Disadvantages of Trade Credit

The advantages and disadvantages of trade credit are important points of consideration before forming any decision relating to trade credit. The key advantage of trade credit is that it is simple to obtain and considered practically cheaper. Trade credit is often considered simple to obtain due to its relatively straightforward nature compared to other forms of financing. Unlike securing a loan or credit line from a financial institution, trade credit typically involves a direct arrangement between the buyer and the supplier.

In this article, I will explore the disadvantages of trade credit from the perspective of both buyers and sellers. By understanding these potential drawbacks, businesses can make informed decisions about their credit practices and seek alternative financing options when necessary.

Disadvantages of Trade CreditDisadvantages of Trade Credit

Disadvantages of utilizing trade credit include loss of goodwill, higher prices of raw materials, the opportunity cost of the discount, administration cost, and under worst circumstances, one may lose the supplier as well. For suppliers, bad debts are the biggest disadvantage, among others.

For Buyers

Opportunity Loss of Discount

Suppliers provide a discount on bill amount if payment is made early or is made in cash. If the buyer enjoys trade credit, he must forego the otherwise available discount.

Increase in Input Prices

As clearly explained above, in the advantages of suppliers, the buyers with liberal credit terms are charged premium prices. This increases the cost of raw materials for the buyer, making it a direct increase in the cost of finished goods for the buyer. Finished goods with higher prices are difficult to sustain in the competitive market. We know that price is an important factor in the demand for products. Higher prices may badly impact the demand for the buyer’s products.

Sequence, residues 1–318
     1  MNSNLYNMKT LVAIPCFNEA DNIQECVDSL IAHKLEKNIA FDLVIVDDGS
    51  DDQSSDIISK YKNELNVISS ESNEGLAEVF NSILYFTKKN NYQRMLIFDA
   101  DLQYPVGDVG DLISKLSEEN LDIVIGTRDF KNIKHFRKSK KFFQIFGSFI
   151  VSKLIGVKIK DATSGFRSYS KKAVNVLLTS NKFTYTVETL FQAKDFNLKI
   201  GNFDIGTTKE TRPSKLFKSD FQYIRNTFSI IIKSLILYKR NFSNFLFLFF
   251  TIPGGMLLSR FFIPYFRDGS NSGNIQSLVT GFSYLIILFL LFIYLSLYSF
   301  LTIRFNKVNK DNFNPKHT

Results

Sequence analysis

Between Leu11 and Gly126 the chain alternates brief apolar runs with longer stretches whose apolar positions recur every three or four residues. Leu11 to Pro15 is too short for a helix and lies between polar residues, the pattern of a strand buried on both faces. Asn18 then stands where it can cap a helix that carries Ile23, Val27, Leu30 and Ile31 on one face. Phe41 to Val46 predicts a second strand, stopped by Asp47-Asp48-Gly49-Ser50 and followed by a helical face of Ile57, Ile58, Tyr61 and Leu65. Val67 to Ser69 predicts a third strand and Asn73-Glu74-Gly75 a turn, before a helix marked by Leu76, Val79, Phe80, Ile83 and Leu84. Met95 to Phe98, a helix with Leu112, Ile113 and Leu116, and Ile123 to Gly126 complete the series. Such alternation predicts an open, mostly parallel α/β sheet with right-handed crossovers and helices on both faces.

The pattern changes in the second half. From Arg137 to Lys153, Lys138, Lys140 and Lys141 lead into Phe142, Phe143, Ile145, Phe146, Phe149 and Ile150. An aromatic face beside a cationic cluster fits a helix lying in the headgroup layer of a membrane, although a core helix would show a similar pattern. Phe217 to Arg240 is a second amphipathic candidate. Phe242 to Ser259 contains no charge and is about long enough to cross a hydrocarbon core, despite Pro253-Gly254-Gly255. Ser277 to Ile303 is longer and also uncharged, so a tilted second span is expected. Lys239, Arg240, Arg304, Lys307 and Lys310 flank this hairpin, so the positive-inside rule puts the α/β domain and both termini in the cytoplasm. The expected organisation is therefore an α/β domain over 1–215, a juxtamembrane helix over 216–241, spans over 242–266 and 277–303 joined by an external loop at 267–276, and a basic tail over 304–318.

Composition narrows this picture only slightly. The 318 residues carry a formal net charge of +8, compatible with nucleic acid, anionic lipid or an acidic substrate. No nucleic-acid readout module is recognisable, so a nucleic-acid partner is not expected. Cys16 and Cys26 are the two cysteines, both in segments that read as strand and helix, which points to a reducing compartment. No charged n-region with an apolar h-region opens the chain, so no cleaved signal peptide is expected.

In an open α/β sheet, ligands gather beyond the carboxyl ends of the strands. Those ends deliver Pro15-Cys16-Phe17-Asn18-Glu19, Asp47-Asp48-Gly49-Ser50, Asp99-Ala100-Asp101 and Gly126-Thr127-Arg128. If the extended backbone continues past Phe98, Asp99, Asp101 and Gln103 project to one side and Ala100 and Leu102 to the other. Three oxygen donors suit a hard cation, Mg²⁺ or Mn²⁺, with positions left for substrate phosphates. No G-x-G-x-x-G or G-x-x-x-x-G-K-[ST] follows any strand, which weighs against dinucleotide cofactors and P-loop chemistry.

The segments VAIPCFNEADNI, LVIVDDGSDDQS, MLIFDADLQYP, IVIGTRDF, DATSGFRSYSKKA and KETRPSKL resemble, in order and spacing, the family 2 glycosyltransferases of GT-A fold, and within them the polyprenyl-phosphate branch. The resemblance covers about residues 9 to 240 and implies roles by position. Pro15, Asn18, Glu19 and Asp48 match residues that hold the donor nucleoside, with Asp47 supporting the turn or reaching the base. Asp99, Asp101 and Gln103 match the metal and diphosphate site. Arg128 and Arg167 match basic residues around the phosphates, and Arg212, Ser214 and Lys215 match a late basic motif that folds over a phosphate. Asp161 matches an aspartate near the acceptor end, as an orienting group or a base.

Loss of Goodwill

Some managers tend to delay payments till the last point possible. But, they are unaware of the problems posed by their suppliers in the absence of timely payment. Over a period of time, this idea impacts the firm’s goodwill in the market. All the suppliers will come to know about payment delays of the buying firm and will entertain other buyers first. The firm may face problems like late supplies, no supplies in emergencies, etc.

Loss of Suppliers

At times, failure to abide by the terms of credit can cause loss of supplier as well. The supplier may find it challenging to work with the buyers not paying on time as suppliers also have their obligation to pay on time.

Interest Charges

Suppliers often charge interest on outstanding trade credit balances. This means that the longer the buyer takes to pay off the credit, the more interest they will accumulate. These interest charges can significantly increase the overall cost of the purchased goods or services.

Also Read: Trade Credit

Limited Access to Capital

Relying heavily on trade credit may impact the buyer’s ability to secure additional financing from external sources. Lenders may view a high level of outstanding trade credit as a liability and may be hesitant to extend credit or offer loans, making it difficult for the buyer to access additional capital when needed.

Dependence on Suppliers